Thus, it is clear that Council of Architecture has trespassed into a domain that would require specialized engineering qualification and would be more suitable to be provided by qualified engineers of the related area.
If it is appears that CoA has trespassed, it is also important to see the actions of engineering organizations in this context to see if their stand is also appropriate or not. So, we must shift our attention to the statutory mechanisms used by engineers to consolidate and counter-attack to claim some ground on the other side.
Considering the fact that engineers are on a bit of a back-foot due to not having a (much-needed) parliament-enacted Engineers act, we have to look at another law-recognized document to find their stand on the subject. It is highly interesting to note that, even without a empowering act such as Architects act, engineers have managed to find a more practical avenue to break into architects’ domain through the medium of National Building Code (2005 Revision).
NBC 2005 is put forth by the Bureau of Indian Standards as a guiding code for the entire construction industry. It serves as a base document for both, public and private sector, and has a very important role to play in formation of Development Control Regulations put in force by the state to regulate construction. So, sans a professional act, it appears as if engineers have still been able to find better footing and greater amount of penetration in rendering architectural services by ensuring a sympathetic NBC revision in 2005. To understand this better, we must review the NBC 2005 in greater depth.
Before we review the NBC, it is extremely important to have a look at the revision process, as it is this process that leads one to question its intent and objectives. NBC has been revised by a large committee of experts from various fields, predominantly engineering. Amongst the crowd of engineers, architects have very little representation in a committee-driven process. It appears from a very basic study that the total representation from architects was that of six members, two from CoA, two from Indian Institute of Architects and two from academic institutions. There was no committee that had architects on equal footing in terms of number. Considering this, it is difficult to see if there was any remedial tool available to representing architects to prevent engineers from suggesting revisions suitable to their cause.
The NBC 2005 FORWARD states,
“The changes incorporated in the present Code, which is second revision of the Code, have been specified in the Foreword to each Part/Section of the Code. Some of the important changes are:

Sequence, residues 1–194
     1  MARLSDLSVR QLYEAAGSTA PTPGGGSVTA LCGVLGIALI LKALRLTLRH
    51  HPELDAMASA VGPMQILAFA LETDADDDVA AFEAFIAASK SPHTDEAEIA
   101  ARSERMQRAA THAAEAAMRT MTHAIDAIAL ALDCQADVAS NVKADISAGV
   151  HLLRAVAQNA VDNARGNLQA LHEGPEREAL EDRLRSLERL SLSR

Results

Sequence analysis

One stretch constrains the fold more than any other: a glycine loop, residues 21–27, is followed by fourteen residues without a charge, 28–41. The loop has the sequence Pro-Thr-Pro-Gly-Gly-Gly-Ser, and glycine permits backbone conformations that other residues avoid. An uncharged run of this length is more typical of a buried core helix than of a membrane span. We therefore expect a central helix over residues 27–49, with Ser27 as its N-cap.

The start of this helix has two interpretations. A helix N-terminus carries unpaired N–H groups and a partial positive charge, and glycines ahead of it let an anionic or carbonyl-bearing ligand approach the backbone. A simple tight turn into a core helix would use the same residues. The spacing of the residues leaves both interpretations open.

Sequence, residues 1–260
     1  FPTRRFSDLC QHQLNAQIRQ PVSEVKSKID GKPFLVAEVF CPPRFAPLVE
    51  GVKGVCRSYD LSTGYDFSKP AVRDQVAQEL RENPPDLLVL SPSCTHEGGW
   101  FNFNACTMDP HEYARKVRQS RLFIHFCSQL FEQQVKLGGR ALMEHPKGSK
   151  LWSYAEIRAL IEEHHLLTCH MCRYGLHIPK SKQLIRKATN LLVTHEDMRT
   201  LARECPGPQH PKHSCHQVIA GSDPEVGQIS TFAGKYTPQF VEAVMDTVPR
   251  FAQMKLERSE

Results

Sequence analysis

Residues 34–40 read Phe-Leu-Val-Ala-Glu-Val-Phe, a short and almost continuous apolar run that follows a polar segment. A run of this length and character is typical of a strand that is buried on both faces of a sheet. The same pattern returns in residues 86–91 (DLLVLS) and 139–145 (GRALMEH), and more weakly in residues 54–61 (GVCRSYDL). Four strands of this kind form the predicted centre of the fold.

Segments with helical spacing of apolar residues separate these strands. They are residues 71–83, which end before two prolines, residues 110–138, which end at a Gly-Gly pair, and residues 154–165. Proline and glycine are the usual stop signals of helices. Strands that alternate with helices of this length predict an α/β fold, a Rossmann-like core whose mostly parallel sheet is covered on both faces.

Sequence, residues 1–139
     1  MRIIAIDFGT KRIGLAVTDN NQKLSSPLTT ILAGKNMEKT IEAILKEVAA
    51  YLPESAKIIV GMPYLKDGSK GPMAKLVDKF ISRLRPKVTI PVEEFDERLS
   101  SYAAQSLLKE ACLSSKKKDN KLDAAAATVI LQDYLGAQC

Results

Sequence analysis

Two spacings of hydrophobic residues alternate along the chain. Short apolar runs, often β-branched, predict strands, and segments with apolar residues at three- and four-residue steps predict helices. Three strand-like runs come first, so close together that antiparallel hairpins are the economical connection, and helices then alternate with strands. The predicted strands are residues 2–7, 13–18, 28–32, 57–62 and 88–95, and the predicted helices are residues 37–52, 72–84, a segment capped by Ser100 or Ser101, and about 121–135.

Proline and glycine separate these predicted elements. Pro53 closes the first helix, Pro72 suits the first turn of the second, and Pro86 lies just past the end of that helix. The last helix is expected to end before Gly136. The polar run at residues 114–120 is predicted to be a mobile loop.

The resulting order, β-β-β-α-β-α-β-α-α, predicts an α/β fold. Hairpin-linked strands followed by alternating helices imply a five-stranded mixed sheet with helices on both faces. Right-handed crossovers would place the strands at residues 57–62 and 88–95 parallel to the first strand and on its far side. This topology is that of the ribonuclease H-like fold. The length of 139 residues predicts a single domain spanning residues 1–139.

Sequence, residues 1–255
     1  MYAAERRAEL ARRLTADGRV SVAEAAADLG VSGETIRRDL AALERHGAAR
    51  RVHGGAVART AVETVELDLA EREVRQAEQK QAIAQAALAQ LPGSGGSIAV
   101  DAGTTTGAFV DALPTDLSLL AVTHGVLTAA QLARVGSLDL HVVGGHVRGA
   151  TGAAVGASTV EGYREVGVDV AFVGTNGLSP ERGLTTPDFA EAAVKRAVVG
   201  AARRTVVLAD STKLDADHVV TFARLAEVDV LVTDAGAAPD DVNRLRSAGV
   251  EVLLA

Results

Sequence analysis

a) A new Part O Integrated Approach — Prerequisite for Applying the Provisions of the Code’ emphasizing on multi-disciplinary team approach for successfully accomplishing building/development project, has been incorporated.
c) Number of provisions relating to reform in administration of the Code as to assigning duties and responsibilities to all concerned professionals, have been incorporated/modified.”
This statement clearly indicates that the revision has one primary purpose, i.e. of reconstituting the services required for construction as “integrated services” rendered by a “team” and not by individual professionals. It is, in a way, dilutes the traditional status of an architect (as thought of by most architects) as the principal designer of a building, whose lead is followed by engineering experts after the finalization of functional planning and aesthetics.
It is important to note that the stand taken by NBC is substantially relevant in the modern context where integration of technologies in a building is far more crucial that it was in past. But the intent consolidated further in the revision makes it start appearing lopsided. If we look at the FORWARD of,
PART O INTEGRATED APPROACH — PREREQUISITE FOR APPLYING PROVISIONS OF THE CODE
“This Part of the Code dealing with ‘integrated approach’ is being included for the first time.”
“It gives an overall direction for practical applications of the provisions of different specialized aspects of spatial planning, designing and construction of buildings, creation of services, and proposes an integrated approach for utilizing appropriate knowledge and experience of qualified professionals right from the conceptualization through construction and completion stages of a building project and indeed during the entire life cycle.”
It becomes increasingly clear that the orientation of NBC is to shift the onus of designing from the Architect to a team of professional that must be in place from the inception of the project.
It continues further and states,
“The ‘integrated approach’ should not only take care of functional, aesthetic and safety aspects, but also the operational and maintenance requirements.
The aim of the ‘integrated approach’ is to get the maximum benefit from the building and its services in terms of quality, timely completion and cost-effectiveness. In the team approach which is an essential pre-requisite for integrated approach, the aim clearly is to maximize the efficiency of the total system through appropriate optimization of each of its sub-systems. In other words, in the team, the inputs from each of the professional disciplines have to be so optimized that the total system’s efficiency becomes the maximum. It may be reemphasized that maximizing the efficiencies of each sub-system may not necessarily assure the maximization of the efficiency of the total system. It needs hardly to be stated that specified or implied safety will always get precedence over functional efficiency and economy. Further, progressive approach such as that relating to the concept of intelligent buildings would be best taken care of by the ‘integrated approach’ as laid down in this Part.”